Pope Benedict gave the following teaching on beauty –a subject near to his heart– on August 31. Some of the paragraphs are here (the entire address is here). Isn’t what the Pope says true???? The beautiful expressed in food, music, art, architecture, the human body, the poerty and friendship is the extroversion of the Holy Spirit.


Today, I would like to consider briefly one of these channels that can lead us to God and also be helpful in our encounter with Him: It is the way of artistic expression, part of that “via pulchritudinis” — “way of beauty” — which I have spoken about on many occasions, and which modern man should recover in its most profound meaning. 


Perhaps it has happened to you at one time or another — before a sculpture, a painting, a few verses of poetry or a piece of music — to have experienced deep emotion, a sense of joy, to have perceived clearly, that is, that before you there stood not only matter — a piece of marble or bronze, a painted canvas, an ensemble of letters or a combination of sounds — but something far greater, something that “speaks,” something capable of touching the heart, of communicating a message, of elevating the soul


Wells cathedral.jpgA work of art is the fruit of the creative capacity of the human person who stands in wonder before the visible reality, who seeks to discover the depths of its meaning and to communicate it through the language of forms, colors and sounds. Art is capable of expressing, and of making visible, man’s need to go beyond what he sees; it reveals his thirst and his search for the infinite. Indeed, it is like a door opened to the infinite, [opened] to a beauty and a truth beyond the every day. And a work of art can open the eyes of the mind and heart, urging us upward.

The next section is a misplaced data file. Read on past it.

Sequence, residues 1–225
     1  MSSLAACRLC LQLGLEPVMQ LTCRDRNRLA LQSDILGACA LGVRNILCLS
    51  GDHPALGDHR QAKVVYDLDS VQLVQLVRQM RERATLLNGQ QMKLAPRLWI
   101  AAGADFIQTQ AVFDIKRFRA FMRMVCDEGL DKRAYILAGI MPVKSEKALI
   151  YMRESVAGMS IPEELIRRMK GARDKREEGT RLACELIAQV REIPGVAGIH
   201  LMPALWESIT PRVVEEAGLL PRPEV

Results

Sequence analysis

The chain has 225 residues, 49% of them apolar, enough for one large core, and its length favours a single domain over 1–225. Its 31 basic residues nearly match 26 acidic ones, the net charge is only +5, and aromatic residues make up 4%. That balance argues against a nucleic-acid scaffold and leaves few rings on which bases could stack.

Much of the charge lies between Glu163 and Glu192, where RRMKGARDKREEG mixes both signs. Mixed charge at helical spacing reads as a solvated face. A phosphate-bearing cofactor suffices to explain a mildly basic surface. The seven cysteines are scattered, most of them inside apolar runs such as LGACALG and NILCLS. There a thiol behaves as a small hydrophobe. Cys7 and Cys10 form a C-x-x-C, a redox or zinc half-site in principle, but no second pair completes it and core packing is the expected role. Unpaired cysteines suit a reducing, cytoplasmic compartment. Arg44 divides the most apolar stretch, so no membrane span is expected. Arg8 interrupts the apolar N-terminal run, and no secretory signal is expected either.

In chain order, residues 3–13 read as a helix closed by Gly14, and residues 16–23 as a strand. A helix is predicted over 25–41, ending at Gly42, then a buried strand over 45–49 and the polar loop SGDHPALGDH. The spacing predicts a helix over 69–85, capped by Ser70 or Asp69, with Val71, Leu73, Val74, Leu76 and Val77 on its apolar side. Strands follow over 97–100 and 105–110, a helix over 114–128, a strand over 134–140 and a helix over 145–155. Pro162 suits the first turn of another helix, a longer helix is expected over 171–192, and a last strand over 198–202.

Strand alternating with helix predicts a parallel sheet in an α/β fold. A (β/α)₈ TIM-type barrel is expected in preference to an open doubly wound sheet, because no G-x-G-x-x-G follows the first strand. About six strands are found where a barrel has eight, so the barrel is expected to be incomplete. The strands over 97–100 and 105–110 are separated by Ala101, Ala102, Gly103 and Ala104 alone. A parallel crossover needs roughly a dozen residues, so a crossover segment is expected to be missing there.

But there are artistic expressions that are true roads to God, the supreme Beauty — indeed, they are a help [to us] in growing in our relationship with Him in prayer. We are referring to works of art that are born of faith, and that express the faith. We see an example of this whenever we visit a Gothic cathedral: We are ravished by the vertical lines that reach heavenward and draw our gaze and our spirit upward, while at the same time, we feel small and yet yearn to be filled. … Or when we enter a Romanesque church: We are invited quite naturally to recollection and prayer. We perceive that hidden within these splendid edifices is the faith of generations. Or again, when we listen to a piece of sacred music that makes the chords of our heart resound, our soul expands and is helped in turning to God. I remember a concert performance of the music of Johann Sebastian Bach — in Munich in Bavaria — conducted by Leonard Bernstein. At the conclusion of the final selection, one of the Cantate, I felt — not through reasoning, but in the depths of my heart — that what I had just heard had spoken truth to me, truth about the supreme composer, and it moved me to give thanks to God. Seated next to me was the Lutheran bishop of Munich. I spontaneously said to him: “Whoever has listened to this understands that faith is true” — and the beauty that irresistibly expresses the presence of God’s truth.


Marc Chagall.jpgBut how many times, paintings or frescos also, which are the fruit of the artist’s faith — in their forms, in their colors, and in their light — move us to turn our thoughts to God, and increase our desire to draw from the Fount of all beauty. The words of the great artist, Marc Chagall, remain profoundly true — that for centuries, painters dipped their brushes in that colored alphabet, which is the Bible.


How many times, then, can artistic expression be for us an occasion that reminds us of God, that assists us in our prayer or even in the conversion of our heart! In 1886, the famous French poet, playwright and diplomat Paul Claudel entered the Basilica of Notre Dame in Paris and there felt the presence of God precisely in listening to the singing of the Magnificat during the Christmas Mass. He had not entered the church for reasons of faith; indeed, he entered looking for arguments against Christianity, but instead the grace of God changed his heart.